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Sign of the Cross

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"Let us not then be ashamed to confess the Crucified. Be the Cross our seal made with boldness by our fingers on our brow and in everything; over the bread we eat, and the cups we drink; in our comings in, and goings out; before our sleep, when we lie down and when we awake; when we are in the way and when we are still. Great is that preservative; it is without price, for the poor's sake; without toil, for the sick, since also its grace is from God. It is the Sign of the faithful, and the dread of evils; for He has triumphed over them in it, having made a shew of them openly; for when they see the Cross, they are reminded of the Crucified; they are afraid of Him, Who hath bruised the heads of the dragon. Despise not the Seal, because of the freeness of the Gift; but for this rather honor thy Benefactor."
-- St. Cyril of Jerusalem, A.D. 315 - 386

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The Catholic Sign of the Cross is absolutely ancient, rooted not only in the Old Testament but the New. When Catholics undergo the Sacrament of Confirmation, the Bishop seals the sign on our foreheads with holy chrism.
 
Crossing one's self recalls this seal, and the invocation that is said while making this holy sign calls on our God -- In nomine Patris, et Filii, et Spiritus Sancti. Amen. -- and is a sign of our of belief; it is both a "mini-creed" that asserts our belief in the Triune God, and a prayer that invokes Him. The use of holy water when making this sign, such as we do when we enter a church, also recalls our Baptism and should bring to mind that we are born again of water and Spirit, thanks be to God.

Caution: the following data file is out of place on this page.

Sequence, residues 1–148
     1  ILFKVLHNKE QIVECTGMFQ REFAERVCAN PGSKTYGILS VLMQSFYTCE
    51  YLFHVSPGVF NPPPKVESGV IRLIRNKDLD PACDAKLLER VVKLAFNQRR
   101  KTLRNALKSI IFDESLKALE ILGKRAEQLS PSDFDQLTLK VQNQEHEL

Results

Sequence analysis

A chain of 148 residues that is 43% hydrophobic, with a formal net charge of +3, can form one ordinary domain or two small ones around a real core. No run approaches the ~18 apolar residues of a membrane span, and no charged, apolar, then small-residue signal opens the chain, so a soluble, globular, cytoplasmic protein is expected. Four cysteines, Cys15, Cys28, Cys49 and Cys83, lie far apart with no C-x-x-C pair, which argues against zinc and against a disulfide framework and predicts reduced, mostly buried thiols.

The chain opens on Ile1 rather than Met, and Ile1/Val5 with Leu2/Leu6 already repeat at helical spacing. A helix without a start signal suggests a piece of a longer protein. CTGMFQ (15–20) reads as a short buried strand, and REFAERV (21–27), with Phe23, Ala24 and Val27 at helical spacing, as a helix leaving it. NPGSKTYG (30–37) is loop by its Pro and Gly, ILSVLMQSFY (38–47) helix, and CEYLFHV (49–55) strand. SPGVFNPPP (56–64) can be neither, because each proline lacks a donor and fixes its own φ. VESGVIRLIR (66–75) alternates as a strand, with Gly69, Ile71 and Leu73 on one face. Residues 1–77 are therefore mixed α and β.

Because of what the Sign indicates the very Cross of our salvation, Satan hates it, and our using it makes demons flee. Make the Sign in times of temptation and confusion for great spiritual benefit.
 
Most Western Catholics make the Sign of the Cross with their right hand by touching the thumb and ring finger together, and holding your index finger and middle finger together to signify the two natures of Christ. Our method is to hold your thumb, index finger, and middle finger of your right hand together, signifying the Trinity, while tucking the ring finger and pinky finger, signifying the two natures of Christ, toward your palm. It is customary after signing oneself to kiss the thumb as if kissing the cross with which one just signed oneself with.

I think it appropriate at this point to sum up with a brief passage from  Parkminster's book, First Initiation into Carthusian Life:

"The gestures we make during the Liturgy are the prayer of our bodies. Like everything else in the liturgy, they should be beautiful and evocative of the sublime mystery of God. They can be very helpful both in developing and expressing profound attitudes of humility, adoration, etc.

"Let us therefore acquire the habit of making them with respect, attention and an awareness of their deeper meaning. A gesture made in a slovenly way is like a word badly pronounced -- its meaning is obscured. To give an example: a profound bow should be made with dignity, slowly, as a visible sign of our interior adoration.

"A sign of the Cross can be at one and the same time, a profession of faith and the consecration of our whole being to the Blessed Trinity. ... So let us make all these gestures just as carefully and meaningfully in private as we do in Church for we are always in the Lord's presence. This is a discipline which helps to deepen our prayer." [pp. 80-81]

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